Suggested Listening: Love It When You Call The Feeling
Galleons, from the moment I woke up this morning and literally fell out of bed (…go me), I’ve been nothing but a ball of awkward. If you could turn awkward into energy, we could have powered a little yellow star like our very own Sol for, oh, probably a good 2 billion years.
In the long string of ham-fisted encounters, clumsily handled situations, and various other degrees/states of awkward that occurred today, I made a phone call. Yes, me. The girl who despises the telephone with every fiber of her being (or maybe every string, if we follow the path of Witten). I mean, if given the opportunity, I would shove my phone into a block of C-4, detonate it, and watch the fireworks.
The telephone, as it was originally conceived (a device that transmits audio along an electrical current and receives said transmissions), is on its deathbed. Despite the fact that cell phone sales are skyrocketing (I’m pretty sure I’ve seen four-year-olds with them), the modern cell phone functions more as a minature computer and less as a telephonic device. New phones access the internet, and many of them come with a full keyboard, for texting (which, when you think about it, isn’t much different from instant messaging on your laptop).
E-mail is far more convenient than the telephone, as far as I’m concerned. I would throw my phone away if I could get away with it. ~Tom Hanks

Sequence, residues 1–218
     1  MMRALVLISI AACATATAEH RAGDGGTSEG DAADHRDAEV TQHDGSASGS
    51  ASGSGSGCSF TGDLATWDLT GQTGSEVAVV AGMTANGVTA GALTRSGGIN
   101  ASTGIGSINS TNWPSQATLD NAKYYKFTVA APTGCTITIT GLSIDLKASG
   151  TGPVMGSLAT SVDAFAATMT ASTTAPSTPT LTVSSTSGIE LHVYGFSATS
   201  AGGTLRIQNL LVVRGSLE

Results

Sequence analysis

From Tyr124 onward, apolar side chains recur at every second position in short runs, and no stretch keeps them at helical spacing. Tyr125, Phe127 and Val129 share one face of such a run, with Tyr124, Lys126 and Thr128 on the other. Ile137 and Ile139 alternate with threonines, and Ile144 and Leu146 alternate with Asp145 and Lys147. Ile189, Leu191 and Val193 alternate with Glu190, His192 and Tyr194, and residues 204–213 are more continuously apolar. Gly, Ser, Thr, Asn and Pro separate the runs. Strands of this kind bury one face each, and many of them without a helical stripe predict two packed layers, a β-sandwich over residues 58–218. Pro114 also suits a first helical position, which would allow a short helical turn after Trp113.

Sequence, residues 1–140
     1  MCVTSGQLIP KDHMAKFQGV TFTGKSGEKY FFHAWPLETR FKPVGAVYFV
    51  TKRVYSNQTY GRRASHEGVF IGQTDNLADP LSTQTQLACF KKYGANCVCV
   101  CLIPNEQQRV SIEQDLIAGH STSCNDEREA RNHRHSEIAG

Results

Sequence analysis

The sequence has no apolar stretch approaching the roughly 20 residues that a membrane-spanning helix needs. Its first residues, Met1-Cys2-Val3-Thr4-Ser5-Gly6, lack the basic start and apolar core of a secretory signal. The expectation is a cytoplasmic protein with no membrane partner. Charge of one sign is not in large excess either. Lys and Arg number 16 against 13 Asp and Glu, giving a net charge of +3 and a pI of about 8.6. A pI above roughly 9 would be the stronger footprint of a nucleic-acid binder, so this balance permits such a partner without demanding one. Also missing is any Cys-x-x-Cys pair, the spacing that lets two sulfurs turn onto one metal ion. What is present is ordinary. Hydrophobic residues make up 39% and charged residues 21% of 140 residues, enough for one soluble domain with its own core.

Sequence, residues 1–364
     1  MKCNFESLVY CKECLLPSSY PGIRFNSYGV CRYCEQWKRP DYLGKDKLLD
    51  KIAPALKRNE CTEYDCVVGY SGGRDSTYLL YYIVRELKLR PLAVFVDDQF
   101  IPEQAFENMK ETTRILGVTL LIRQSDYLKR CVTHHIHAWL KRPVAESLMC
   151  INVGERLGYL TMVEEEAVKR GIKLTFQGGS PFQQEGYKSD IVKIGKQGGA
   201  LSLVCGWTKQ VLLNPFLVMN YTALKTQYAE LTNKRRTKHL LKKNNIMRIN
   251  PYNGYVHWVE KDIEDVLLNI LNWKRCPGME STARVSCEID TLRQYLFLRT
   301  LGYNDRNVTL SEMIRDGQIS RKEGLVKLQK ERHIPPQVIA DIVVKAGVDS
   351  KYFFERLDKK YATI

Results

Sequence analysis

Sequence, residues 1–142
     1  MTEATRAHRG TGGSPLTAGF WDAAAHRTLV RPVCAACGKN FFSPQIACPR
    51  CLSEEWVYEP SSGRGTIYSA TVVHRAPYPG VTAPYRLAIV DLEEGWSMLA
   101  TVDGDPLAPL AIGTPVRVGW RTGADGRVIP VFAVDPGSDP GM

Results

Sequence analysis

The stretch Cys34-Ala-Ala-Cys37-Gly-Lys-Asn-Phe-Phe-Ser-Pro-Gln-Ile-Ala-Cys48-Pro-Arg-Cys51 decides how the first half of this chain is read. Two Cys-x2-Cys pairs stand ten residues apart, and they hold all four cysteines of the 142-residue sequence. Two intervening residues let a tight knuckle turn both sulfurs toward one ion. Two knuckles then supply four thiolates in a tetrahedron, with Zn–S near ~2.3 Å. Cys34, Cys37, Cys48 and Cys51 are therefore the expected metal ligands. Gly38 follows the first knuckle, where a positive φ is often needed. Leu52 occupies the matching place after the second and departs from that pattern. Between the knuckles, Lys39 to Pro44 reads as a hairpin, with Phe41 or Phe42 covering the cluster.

In this, the prime of the digital/information/whatever age, it’s true that older forms of communication (telephone conversations, written letters, postcards) are being phased out in favor of newer methods (texting, video chatting, instant messaging, emailing). And there’s nothing necessarily wrong with that. For one, emailing/instant messaging is a hell of a lot faster than sending a letter. It’s also cheaper (…free, really- I’m not counting the cost of internet per month because, let’s face it, you can pick up a free signal just about anywhere). And a text message can certainly be preferable to an actual phone call, especially if you just have to ask a question. You get to skip the pointless small-talk and deal with the meat of the issue. And video chatting is really superior to telephoning in that you get to see the other person, which is important because so much of our information gathering occurs via nonverbal clues.
I’m a big instant messager/emailer. I like my computer, and I tend to use it as my communication hub. Many people do. It’s not just faster and easier- it’s how we were brought up. My generation has grown up doing these things- it’s the standard. Hell, when I went to MSU and didn’t have an AIM screen name, people were stunned.
And while I normally am a big fan of avoiding the telephone… there’s just something about hearing another person’s voice that makes me loathe to dismiss telephoning completely. It’s funny- when I realize I miss a person, I find that the first thing I notice is missing from my life is their voice. And I yearn to hear it. The voices of people we care about are a balm to the soul. They soothe, they inflame, they delight.